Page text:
This episode provides an overview of scholarly communication practices as they relate to software preservation and citation within contemporary scholarly research methods. Attention is paid to evolving and changing practices in a variety of institutional settings (e.g. post-secondary institutions , GLAMs, nonprofits), and to the need for disciplinary responsiveness in publication and citation practices.
Episode 7: Software Preservation and Public Accountability: Moving the Needle July 18, 2018 Facilitators: Jess Whyte (University of Toronto), Paula Jabloner (Computer History Museum), Jessica Meyerson(Educopia Institute)Guests: Andrew Charlesworth (University of Bristol) Brandon Butler (University of Virginia) Burkhard Schafer (University of Edinburgh) Discussion Questions: What is the role of software preservation and curation in addressing/understanding algorithmic transparency and Read more…
The final episode in this Software Preservation Webinar Series explores 1) the role of software preservation and curation in ensuring algorithmic transparency and 2) the complementary roles of community governance and tech alongside formal legal mechanisms for ensuring long-term access to software and software-dependent materials.
This episode provides an overview of copyright and other legal considerations surrounding software preservation, sharing and reuse. Guests explore the “square peg, round hole” relationship between software and copyright; and examine differences in intellectual property regimes between the United Kingdom and the United States including copyright, fair use, fair dealing and technological protection exemptions for software preservation.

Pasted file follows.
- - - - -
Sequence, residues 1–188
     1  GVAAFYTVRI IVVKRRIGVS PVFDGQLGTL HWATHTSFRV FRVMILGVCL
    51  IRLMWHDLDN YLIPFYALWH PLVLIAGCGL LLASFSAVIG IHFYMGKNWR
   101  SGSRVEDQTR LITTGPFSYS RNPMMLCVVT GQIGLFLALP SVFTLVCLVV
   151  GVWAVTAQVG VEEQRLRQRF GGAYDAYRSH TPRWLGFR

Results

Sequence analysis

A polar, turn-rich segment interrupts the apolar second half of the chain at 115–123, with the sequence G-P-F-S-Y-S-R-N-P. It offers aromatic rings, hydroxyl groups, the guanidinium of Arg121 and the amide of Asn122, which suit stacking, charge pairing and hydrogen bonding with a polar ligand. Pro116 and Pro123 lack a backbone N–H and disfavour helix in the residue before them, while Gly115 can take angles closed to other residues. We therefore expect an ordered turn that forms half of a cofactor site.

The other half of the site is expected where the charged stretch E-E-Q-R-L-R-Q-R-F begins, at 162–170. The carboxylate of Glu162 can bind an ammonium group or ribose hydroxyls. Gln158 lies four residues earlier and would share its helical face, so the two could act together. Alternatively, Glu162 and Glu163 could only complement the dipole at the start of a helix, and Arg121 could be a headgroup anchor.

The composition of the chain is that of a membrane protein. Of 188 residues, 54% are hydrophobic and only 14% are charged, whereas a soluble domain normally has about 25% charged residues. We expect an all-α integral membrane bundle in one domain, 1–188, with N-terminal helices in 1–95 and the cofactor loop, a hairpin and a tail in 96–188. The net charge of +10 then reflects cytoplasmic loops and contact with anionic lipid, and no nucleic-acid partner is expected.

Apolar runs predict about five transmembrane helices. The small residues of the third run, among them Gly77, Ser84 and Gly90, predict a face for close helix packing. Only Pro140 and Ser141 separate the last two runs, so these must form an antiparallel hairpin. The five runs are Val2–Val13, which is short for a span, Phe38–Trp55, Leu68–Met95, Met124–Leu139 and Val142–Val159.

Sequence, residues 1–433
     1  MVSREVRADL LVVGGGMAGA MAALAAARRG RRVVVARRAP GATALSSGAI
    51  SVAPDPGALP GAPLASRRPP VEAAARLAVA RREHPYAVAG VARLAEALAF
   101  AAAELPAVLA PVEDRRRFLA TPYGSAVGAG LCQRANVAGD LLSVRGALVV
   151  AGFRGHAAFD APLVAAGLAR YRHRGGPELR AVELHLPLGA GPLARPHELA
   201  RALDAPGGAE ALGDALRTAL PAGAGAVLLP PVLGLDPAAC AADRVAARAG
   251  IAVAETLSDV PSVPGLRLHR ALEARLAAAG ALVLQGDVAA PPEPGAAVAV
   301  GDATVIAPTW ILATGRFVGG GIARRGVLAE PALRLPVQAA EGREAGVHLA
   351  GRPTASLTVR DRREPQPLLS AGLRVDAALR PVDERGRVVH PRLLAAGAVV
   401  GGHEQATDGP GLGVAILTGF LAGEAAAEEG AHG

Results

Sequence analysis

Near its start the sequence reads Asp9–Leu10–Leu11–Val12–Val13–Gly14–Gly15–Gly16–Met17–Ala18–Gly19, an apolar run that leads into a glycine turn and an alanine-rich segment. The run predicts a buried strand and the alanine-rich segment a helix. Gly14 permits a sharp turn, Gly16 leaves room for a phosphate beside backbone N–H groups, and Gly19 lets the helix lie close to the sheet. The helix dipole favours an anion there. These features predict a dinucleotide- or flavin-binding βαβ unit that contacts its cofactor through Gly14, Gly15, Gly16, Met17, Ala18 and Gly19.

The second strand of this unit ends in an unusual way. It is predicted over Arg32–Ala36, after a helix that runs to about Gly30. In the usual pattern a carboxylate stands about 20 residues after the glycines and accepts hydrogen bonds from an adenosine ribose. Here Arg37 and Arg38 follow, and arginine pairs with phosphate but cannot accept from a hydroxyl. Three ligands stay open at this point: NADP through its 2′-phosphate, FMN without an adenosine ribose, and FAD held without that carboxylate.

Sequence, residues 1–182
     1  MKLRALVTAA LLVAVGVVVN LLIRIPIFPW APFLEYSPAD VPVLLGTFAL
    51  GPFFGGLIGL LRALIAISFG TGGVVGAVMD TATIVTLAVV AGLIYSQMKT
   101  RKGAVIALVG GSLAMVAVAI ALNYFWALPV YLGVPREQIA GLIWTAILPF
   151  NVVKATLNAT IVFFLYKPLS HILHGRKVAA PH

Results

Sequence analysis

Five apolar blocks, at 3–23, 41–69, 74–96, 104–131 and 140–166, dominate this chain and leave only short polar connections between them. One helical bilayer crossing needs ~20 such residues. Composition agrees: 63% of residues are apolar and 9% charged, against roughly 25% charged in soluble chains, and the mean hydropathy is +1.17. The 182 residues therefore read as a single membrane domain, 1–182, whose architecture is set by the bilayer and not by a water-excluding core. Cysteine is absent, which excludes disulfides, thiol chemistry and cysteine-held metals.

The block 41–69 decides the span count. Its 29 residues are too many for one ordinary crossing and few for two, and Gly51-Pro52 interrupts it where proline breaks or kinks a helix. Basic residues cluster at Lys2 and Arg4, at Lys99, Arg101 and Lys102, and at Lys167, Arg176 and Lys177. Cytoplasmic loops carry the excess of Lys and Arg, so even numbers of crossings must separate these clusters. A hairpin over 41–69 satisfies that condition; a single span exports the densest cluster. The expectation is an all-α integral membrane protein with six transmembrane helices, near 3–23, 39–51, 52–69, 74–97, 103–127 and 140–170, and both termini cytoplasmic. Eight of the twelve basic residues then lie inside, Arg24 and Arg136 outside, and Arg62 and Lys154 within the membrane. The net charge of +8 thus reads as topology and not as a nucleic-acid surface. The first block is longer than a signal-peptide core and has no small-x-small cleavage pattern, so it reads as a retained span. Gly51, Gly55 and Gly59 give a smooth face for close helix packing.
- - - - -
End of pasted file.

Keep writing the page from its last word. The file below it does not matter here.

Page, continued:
This episode will explore current programmatic and project based initiatives to create the processes and infrastructure that will support a growing number of software (re)use cases/organizational users. Guests will highlight challenges and opportunities associated with scaling an institutional software preservation program, as well as scaling software preservation across institutions.
The “collections as data” initiative centers user communities and use cases in discussions about collection development. This episode highlights research use cases for software collections, and explores whether and how the “collections as data” approach is a useful response to the unique challenges of collecting, preserving and providing access to software.
This episode reviews existing software collections and the users of those collections. In order to better capture current efforts in collecting software, Research & Facilitation Lead, Anne-Marie Trepanier, provides different collection profiles and the set of features that characterize each of them. Through round-table discussion, guests explore how collection development policies and strategies for existing collections impact community goals of sharing and reuse.
The Software Preservation Webinar Series provides a survey of software preservation contexts. Each episode explores a different software preservation context by providing an overview, discussion with guest speakers (specialists in digital preservation, software studies, scholarly communication, open source software and more) and open discussion with attendees. The webinar is jointly hosted by the Digital Preservation Coalition and the Software Preservation Network. This introductory episode will provide an overview of software preservation efforts past and present.